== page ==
NewTek Announces 30-day Free Trial Of Flowics

(Image credit: NewTek)

NewTek, a member of the Vizrt Group, has announced an exclusive free trial of Flowics’ HTML graphics for its TriCaster 1 Pro and TriCaster 2 Elite. 

The move follows the recent acquisition of Flowics by the Vizrt Group. TriCaster 1 Pro and TriCaster 2 Elite users will receive a 30-day trial of the Flowics platform, it said.

NewTek’s introduction of Live Link enables TriCaster users to take HTML sources directly into their production, rendering anything from whole web pages to web videos or HTML5 graphics as direct sources into their switcher. This reduces the complexity of setup and network pressure, the company said.

Flowics enables users to have simple control over the creation, integration and playout of HTML5 graphics, which is well-suited to fast-paced productions, it said.

“TriCaster users embrace the creation of motion media content and deliver it to anywhere viewers want to watch. The combination of TriCaster with Flowics by Vizrt makes this all-in-one system go a step further. With captivating graphics, it brings the story to life, making the creation and playout of interactive media experiences intuitive for mobile, the web, social media, and live streams,” said Barbara Spicek, president and general manager of NewTek.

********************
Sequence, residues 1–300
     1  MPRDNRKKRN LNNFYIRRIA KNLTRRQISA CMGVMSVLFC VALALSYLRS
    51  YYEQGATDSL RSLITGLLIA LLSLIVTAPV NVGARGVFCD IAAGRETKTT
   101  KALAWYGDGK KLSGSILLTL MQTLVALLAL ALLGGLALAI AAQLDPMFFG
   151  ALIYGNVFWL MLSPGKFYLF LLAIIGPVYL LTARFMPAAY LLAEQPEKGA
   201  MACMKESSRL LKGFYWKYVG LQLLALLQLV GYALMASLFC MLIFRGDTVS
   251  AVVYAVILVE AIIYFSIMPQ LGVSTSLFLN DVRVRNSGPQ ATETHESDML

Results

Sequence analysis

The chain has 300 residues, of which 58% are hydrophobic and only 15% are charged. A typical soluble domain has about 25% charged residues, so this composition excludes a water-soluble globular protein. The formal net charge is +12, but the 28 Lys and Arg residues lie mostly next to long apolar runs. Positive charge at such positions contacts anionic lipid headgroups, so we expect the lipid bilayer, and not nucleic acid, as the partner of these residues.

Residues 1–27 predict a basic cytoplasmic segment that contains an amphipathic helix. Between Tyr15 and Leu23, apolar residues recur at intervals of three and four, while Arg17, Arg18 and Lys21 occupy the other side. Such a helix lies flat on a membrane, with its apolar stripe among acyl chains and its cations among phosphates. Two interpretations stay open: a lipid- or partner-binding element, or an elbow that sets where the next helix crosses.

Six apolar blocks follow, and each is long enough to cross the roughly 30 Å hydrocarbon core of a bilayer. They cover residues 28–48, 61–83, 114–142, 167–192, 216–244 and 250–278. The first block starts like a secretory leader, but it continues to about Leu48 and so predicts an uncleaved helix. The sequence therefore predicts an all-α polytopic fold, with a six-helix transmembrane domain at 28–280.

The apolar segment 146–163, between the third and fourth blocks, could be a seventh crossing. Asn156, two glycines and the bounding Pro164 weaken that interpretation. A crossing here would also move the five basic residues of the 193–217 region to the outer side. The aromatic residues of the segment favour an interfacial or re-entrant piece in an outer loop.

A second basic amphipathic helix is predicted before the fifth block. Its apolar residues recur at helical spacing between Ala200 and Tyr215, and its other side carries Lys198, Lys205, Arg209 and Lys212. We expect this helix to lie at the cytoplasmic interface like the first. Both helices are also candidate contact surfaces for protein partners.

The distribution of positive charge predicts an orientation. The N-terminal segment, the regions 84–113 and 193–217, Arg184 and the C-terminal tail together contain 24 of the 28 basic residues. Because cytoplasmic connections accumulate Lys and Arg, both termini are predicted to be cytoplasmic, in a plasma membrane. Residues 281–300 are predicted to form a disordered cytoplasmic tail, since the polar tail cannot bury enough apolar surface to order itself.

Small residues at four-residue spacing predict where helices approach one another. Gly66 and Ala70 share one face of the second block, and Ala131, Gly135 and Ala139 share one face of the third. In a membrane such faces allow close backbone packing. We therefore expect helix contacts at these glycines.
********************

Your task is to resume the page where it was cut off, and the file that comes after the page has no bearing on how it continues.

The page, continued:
The addition of Flowics by Vizrt to a TriCaster also enables users to access data-driven graphics, powered by a wide range of external data sources, including sports statistics, timing and scoring, betting, weather and finance information, in a code-free approach. As the product of a software-as-a-service (SaaS) platform, Flowics graphics can be created and controlled from anywhere at any time.

More information is available on the NewTek website.

Phil Kurz

Phil Kurz is a contributing editor to TV Tech. He has written about TV and video technology for more than 30 years and served as editor of three leading industry magazines. He earned a Bachelor of Journalism and a Master’s Degree in Journalism from the University of Missouri-Columbia School of Journalism.